Ghanaian women driving success
Helen G // 14 October 2011
“Behind every great man there’s a great woman”: surely one of the most irritating clichés routinely used to devalue the contribution of women in this global sexist patriarchy of ours. That it still has traction nationally and at an individual level was brought home to me last night while listening to a panel of Ghanaian women speaking of their experiences in improving the status of women in the republic. I was at Womankind Worldwide’s Ghanaian women driving success event and the clear message was that, although the status of women has been greatly improved since a constitutional democracy was established in 1992, there is still much work to do to establish women’s issues and rights as equally important.
One might think, having your country’s economy listed as The World’s Fastest Growing Economy by the IMF and a predicted inflow of capital now that commercialised oil production has started [via] as well as being declared a Middle Income Economy [via], that the future for the republic is bright. However, financial indicators paint only one picture, and a very monochrome one at that: the reality is that many people remain poor and this has its own less visible costs.
Margaret Brew-Ward (Gender Centre) pointed out that discrimination against women and girls is a major issue, and old attitudes still prevail, particularly (but not exclusively) in the north of the country. A combination of modern laws and traditional practices too often means that the concerns of women and girls are often overlooked in such key areas as:
- Widow inheritance: Under customary law it is assumed that the welfare of widows and their children will be taken care of by the deceased’s kin. This often results in widows being forced into marriage to another member of their ex-husband’s family. Additionally, any children are often effectively relegated to the role of servants in the ‘new’ family.
- The education of girls: The education of the poor, especially rural girls and girls living with relatives in the urban areas, is a priority with initiatives to support the education of girls through to secondary level.
- The spread of HIV/AIDS has posed a major challenge to the Republic of Ghana in ensuring the welfare of the next generation. As part of the response to the HIV/AIDS epidemic and the threat it poses for young people, programmes are under way to educate Ghanaians, particularly young people, about the risks of HIV/AIDS and ways to protect themselves against becoming infected and spreading the virus.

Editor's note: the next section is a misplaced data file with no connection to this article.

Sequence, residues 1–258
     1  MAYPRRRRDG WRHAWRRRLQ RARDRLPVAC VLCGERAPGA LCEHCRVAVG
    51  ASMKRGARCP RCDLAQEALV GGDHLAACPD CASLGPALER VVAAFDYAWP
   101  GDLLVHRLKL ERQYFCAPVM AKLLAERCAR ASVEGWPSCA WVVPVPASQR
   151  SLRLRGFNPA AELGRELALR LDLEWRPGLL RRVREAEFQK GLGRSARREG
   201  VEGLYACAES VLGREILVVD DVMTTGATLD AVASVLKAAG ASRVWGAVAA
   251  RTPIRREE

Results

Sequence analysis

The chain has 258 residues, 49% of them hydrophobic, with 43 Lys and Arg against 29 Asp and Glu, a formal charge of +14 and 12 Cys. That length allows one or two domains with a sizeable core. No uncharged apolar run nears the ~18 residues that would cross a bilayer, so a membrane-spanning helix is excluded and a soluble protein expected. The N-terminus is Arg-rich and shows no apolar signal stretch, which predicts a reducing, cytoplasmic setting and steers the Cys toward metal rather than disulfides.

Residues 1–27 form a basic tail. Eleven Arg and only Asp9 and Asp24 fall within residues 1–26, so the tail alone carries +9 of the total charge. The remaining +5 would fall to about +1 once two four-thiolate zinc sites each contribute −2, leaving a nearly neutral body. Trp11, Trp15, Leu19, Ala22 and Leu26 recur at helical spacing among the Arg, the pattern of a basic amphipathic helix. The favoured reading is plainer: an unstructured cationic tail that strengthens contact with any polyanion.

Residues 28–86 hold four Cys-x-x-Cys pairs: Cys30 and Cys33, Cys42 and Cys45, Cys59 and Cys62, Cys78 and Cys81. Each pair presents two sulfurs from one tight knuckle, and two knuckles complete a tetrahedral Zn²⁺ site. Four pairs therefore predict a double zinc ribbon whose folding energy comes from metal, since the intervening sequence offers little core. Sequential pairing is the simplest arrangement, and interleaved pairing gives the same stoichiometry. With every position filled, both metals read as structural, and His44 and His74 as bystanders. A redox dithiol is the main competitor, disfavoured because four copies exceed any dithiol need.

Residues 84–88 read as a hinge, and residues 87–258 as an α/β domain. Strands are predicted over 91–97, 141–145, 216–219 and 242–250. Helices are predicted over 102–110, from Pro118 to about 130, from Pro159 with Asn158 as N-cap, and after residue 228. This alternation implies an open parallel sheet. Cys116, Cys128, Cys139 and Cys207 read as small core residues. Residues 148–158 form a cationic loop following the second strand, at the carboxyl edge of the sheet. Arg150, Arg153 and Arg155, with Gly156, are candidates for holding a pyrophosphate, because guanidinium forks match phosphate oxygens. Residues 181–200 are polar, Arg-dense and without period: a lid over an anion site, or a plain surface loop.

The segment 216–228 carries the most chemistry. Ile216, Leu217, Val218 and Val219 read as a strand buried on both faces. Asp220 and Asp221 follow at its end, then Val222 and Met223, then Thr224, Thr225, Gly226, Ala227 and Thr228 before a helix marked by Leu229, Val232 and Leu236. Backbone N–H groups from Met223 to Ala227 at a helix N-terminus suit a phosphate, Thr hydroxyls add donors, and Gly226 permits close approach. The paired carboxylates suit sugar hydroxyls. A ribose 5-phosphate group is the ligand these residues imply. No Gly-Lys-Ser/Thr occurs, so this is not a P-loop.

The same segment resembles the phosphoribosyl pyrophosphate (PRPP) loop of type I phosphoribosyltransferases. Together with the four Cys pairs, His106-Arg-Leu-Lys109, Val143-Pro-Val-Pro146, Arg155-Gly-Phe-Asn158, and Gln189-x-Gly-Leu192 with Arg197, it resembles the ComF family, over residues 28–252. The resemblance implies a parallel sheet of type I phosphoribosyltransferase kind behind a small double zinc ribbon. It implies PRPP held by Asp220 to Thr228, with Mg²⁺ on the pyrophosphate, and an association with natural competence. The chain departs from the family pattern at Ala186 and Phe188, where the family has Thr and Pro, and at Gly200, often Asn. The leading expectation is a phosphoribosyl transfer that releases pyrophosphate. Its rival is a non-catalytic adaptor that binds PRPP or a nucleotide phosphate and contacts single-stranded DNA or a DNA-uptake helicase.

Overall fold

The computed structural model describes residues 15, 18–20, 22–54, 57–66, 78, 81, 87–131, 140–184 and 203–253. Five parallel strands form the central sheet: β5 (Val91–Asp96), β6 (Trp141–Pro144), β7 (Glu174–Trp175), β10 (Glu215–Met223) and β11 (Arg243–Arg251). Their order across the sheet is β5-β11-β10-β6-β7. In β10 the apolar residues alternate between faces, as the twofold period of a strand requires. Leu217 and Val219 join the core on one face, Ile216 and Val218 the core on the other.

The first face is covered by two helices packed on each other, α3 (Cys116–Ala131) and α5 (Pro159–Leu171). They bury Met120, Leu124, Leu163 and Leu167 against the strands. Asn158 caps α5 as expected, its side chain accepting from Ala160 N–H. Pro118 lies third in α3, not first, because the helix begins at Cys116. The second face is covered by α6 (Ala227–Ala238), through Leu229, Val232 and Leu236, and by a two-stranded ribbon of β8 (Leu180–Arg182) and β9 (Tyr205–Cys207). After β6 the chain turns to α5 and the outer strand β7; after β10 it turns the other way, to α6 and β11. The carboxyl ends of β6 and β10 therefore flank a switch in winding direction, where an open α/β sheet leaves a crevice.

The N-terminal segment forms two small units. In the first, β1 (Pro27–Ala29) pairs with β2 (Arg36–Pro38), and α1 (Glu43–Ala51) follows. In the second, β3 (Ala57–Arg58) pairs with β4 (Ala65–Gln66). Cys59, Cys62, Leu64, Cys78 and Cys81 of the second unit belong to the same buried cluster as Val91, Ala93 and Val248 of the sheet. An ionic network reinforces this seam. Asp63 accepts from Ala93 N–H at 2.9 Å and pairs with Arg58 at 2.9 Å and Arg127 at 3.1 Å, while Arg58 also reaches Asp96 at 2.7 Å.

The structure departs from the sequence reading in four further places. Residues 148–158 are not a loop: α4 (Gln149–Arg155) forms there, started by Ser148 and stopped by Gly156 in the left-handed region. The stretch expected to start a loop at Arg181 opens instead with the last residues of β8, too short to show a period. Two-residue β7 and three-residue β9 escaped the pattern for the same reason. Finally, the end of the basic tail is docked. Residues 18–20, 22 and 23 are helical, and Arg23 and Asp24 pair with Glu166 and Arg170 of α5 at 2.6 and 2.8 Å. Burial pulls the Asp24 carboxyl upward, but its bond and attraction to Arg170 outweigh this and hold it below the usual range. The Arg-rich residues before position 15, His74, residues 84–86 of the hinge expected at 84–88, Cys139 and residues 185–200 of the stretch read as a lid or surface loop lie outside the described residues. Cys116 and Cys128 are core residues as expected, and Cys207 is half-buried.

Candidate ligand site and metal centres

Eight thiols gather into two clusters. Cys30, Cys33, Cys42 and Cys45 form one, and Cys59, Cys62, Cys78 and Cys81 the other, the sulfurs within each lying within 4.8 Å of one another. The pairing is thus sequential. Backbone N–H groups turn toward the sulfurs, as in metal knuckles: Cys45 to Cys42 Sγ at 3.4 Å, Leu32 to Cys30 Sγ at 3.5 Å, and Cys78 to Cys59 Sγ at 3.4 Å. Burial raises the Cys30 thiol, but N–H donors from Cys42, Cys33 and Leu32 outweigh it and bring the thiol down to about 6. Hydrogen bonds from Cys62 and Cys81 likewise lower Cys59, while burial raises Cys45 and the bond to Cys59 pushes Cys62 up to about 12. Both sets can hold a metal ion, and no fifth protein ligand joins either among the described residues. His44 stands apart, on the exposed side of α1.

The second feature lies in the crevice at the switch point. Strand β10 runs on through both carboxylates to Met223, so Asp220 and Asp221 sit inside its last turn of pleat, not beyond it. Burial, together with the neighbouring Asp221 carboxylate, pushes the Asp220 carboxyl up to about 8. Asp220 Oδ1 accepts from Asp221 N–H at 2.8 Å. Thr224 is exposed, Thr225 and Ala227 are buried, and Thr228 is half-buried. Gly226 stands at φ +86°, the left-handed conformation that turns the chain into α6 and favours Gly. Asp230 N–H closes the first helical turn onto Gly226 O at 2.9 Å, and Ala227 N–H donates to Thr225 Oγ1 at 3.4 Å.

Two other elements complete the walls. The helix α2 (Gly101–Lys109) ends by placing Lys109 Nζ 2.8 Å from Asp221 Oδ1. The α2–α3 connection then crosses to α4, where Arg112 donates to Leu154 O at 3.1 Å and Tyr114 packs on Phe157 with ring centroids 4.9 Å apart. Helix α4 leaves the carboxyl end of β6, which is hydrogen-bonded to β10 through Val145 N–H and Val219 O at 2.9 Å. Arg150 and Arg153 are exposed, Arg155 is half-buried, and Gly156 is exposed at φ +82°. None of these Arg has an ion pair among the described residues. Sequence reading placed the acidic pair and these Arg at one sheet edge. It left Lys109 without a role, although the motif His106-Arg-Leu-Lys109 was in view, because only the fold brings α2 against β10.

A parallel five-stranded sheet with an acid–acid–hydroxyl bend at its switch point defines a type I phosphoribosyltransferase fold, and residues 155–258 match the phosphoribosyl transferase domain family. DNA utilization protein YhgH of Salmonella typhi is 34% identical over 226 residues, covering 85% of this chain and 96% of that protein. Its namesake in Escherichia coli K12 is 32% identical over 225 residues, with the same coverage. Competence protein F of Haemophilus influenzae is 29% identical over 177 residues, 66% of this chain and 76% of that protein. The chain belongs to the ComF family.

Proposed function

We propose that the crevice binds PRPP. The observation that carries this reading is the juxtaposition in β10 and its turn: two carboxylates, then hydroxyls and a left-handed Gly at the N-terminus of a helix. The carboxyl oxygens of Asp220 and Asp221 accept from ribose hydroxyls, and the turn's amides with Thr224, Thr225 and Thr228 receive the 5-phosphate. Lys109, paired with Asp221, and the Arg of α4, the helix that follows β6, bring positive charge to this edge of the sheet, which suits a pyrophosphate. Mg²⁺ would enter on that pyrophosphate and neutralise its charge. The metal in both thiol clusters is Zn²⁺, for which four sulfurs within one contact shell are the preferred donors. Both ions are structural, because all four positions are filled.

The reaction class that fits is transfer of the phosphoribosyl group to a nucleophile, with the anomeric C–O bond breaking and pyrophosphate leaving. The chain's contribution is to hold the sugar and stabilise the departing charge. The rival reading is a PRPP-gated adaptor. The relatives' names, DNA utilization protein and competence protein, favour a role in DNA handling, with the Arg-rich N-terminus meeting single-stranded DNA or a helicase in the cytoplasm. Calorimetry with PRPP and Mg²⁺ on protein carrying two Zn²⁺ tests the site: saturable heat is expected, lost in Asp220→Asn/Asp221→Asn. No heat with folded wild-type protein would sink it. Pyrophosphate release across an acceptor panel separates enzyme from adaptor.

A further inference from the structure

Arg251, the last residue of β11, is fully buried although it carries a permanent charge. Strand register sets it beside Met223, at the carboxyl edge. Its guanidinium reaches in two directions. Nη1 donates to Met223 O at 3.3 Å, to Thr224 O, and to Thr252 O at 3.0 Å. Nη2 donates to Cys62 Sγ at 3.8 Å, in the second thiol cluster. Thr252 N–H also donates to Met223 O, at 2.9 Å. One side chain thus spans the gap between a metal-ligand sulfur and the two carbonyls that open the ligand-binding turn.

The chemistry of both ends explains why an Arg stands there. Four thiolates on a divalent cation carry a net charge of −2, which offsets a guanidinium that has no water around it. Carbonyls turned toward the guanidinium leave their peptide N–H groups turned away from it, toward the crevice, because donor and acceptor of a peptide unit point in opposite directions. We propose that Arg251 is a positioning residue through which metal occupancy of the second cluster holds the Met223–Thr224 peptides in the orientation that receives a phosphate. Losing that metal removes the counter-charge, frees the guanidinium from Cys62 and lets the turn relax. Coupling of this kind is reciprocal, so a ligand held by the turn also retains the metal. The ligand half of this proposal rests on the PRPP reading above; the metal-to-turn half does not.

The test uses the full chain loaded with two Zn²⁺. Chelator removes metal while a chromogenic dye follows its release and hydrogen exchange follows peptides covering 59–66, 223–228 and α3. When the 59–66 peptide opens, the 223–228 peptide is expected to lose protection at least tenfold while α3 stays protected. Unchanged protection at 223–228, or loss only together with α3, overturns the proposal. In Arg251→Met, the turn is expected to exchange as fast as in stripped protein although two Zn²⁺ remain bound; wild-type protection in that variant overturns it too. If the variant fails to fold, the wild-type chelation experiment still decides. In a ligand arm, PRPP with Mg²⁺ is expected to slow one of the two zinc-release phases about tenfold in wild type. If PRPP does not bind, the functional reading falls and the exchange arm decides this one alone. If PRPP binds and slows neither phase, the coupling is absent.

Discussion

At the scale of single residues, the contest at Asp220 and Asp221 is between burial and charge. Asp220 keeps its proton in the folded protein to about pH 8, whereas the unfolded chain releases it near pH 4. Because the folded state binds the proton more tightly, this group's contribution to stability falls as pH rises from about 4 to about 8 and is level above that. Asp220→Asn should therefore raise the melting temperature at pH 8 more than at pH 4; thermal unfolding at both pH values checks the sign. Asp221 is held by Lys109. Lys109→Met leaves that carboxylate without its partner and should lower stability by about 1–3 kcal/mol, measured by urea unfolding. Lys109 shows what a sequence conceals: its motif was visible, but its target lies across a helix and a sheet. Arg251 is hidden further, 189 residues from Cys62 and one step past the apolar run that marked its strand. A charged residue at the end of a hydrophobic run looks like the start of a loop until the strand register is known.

Also, much work is being done in education around first pregnancies: Although Ghana is a multiethnic country, there are common features in the traditional roles, status, responsibilities and socialisation processes for adolescents. ‘Adolescence’ is often understood to begin for women with menarche or initiation and ends with marriage or childbearing. For males, the period was marked by initiation or marriage. The practical outcome of this is that many women first find themselves pregnant in their early to mid teenage years.
- Gender-based violence/domestic violence against women is still far too commonplace and a project known as COMBAT is helping to change attitudes and greatly reduce the practice in Ashanti. Under this initiative, community-based anti-violence teams are set up with the aim of training local people in the laws about GBV/DV and conflict resolution so that COMBAT teams are able to step in as required to facilitate in negotiations between husbands and wives, escalating it to the police and courts if necessary
Bernice Sam (WiLDAF National Programme Coordinator) added that the status of women and women’s issues were being addressed locally and nationally. Policies evolve at a local level following discussion and involvement in social issues, and quotas and subsidies enable women to access governmental roles. As a result, the phrase women in politics now has wide acceptance, resulting in women’s voices being heard more clearly and more often. But although women’s issues are unarguably beginning to be foregrounded and taken seriously, a paradigm shift in attitudes is still required for progress to really begin. That can only happen over time, but with the tireless work of women like Margaret and Bernice, and appropriate support from organisations like Womankind, it’s to be hoped that the smaller positive changes will continue until sufficient momentum has been gained to enable women to take their rightful place throughout Ghana’s social, cultural and political life.
Photo of Bernice Sam of WILDAf, Womankind Chair Julie Ashdown, Margaret Brew Ward (Gender Centre) by kind permission of Womankind